Thomas Gibbons’ play “Uncanny Valley” dives deep into timeless questions about the core of humanity, all with only two actors, 90 minutes and a dash of expertly placed humor.
Open Stage of Harrisburg’s production, which opened Friday night, kept me engaged as the perfectly portrayed characters, Claire and Julian, dove deeper and deeper into this intellectual territory.
The play’s opening scene shocked me, which kept me on my toes throughout the play. The humanlike robot Julian (Jeff Luttermoser) appeared as a clean-shaven head popping out of desk in the plain office space belonging to the scientist Claire (Anne Alesdek). She showed Julian the nuances to human movement, as the robotic Julian attempted to move his head side to side.
Luttermoser rose to the challenge of playing a robot, and his well-executed jolts and bumps mesmerized me. Alsedek’s character required less obvious physical demands and a subtler portrayal of Claire’s sadness, which I understood in Alsedek performance from the first scene.
This dynamic and chemistry between Luttermoser and Alsedek are at the crux of this play.
An older woman nearing retirement, Claire—complete with a cardigan—immediately juxtaposed the youth and accompanying curiosity spouting from the newly created robot. As the performance progressed, I realized the characters are near-perfect foils, which added depth to my understanding of the show and its questions.
Then, the scene cuts to dark. I heard the beep, beeping and breathing of a respirator. The stage suddenly is illuminated to reveal that more of Julian—his torso—has risen from the desk.
This transition had the potential to be jolty, but I loved its effect on the play’s pace. It allowed the play to reveal nuggets of suspense. I always attempt to guess how a story ends, and this well-delivered performance kept me guessing.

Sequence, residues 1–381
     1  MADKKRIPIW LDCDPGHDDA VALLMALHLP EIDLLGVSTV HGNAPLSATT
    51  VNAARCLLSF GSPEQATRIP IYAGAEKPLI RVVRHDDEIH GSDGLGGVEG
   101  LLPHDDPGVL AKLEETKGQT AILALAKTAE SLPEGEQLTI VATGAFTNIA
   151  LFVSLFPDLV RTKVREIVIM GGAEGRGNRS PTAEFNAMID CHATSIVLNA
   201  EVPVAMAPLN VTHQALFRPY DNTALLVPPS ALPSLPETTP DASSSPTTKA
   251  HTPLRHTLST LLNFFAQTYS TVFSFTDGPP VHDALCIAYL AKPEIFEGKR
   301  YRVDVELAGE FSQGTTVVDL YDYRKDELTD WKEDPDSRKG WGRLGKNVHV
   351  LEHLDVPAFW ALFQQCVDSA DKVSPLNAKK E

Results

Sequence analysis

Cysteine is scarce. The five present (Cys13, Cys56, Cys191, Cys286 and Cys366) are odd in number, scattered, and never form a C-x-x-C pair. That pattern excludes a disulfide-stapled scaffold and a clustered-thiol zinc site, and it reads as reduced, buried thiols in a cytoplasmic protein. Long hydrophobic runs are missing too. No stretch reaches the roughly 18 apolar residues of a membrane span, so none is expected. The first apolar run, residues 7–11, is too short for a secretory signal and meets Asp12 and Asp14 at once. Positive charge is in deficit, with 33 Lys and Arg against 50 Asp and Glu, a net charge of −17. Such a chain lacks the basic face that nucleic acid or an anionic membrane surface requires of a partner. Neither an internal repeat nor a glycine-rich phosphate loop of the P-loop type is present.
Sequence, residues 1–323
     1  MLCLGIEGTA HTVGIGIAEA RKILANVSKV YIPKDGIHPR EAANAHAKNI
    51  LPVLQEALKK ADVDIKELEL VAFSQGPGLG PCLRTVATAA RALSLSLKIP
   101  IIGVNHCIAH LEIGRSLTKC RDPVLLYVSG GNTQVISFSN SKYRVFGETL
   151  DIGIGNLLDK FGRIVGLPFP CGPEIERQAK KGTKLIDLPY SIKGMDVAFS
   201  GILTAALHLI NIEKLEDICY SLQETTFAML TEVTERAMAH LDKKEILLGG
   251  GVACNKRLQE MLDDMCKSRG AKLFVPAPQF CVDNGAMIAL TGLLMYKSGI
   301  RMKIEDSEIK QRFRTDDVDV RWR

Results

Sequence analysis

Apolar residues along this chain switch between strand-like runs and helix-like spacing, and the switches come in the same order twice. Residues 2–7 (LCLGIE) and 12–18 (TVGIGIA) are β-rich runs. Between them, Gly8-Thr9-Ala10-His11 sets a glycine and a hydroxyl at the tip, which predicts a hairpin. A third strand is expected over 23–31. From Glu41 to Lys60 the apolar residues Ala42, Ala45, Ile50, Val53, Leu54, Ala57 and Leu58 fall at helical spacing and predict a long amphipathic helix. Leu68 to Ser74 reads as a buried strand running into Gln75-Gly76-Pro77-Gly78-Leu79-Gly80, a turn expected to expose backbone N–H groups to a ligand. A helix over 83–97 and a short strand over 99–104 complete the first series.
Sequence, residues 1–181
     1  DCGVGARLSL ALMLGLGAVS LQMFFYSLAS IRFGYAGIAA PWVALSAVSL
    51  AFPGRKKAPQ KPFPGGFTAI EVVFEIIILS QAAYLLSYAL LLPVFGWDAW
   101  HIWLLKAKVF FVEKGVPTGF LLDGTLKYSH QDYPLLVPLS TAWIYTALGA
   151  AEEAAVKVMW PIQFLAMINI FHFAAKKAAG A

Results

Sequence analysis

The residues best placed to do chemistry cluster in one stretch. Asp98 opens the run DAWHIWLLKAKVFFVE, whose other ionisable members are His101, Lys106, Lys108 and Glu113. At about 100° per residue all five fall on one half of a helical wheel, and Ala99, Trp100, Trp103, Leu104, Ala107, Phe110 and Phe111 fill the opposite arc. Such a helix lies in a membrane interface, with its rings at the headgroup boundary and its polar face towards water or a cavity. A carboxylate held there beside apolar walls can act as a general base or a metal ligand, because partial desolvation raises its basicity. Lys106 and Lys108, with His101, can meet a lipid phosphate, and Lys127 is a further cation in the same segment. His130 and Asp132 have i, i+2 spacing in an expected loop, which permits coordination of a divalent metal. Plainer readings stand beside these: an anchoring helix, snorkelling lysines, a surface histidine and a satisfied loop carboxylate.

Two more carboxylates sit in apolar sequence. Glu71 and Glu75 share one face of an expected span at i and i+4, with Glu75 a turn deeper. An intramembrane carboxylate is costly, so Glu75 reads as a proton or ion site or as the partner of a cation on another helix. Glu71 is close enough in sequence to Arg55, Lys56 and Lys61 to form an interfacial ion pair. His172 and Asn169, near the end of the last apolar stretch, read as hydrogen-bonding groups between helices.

Each time we met Julian after the lights returned, another section of his body was revealed until the audience met a standing, walking Julian.
His childlike curiosity gave ample opportunity for humor. However, more than just the silly questions children ask adults, Julian and Claire’s well-delivered humor develops a brilliant dynamic in their relationship from the onset. Alsedek and Luttermoser’s on-stage chemistry builds throughout the performance until the end’s thought-provoking and surprising crescendo.
As Julian physically grew and Claire taught him about humanity, his seemingly innocent questions to Claire became surprisingly targeted at the root of human existence. He questions emotions, consciousness and his purpose all to understand his own existence as a robot attempting to become a human.
When he receives an arm, he asks to touch Claire’s face and hair, when he realizes that Claire’s human body comes complete with scars. Julian’s perfectly engineered existence has no such scars. He summarizes his thoughts with this poignant line, “If I fall short, it’s because I lack your scars.”
Julian’s curiosity into Claire’s life shows that Claire has more scars than just physical ones. Like Julian looking for his purpose as a robot trying to be human, Claire looks for meaning as she nears the end of a distinguished career and grapples with family problems.
This play was a great way to spend an evening, but I recommend having an after-show dinner or drink so you can ponder life’s deep questions afterward.
A one-act play, “Uncanny Valley” is directed by Donald Alsedek, founder and producing artistic director of Open Stage. “Uncanny Valley” runs until May 7 at Open Stage of Harrisburg. For more information and tickets, visit www.openstagehbg.com.
Author: Danielle Roth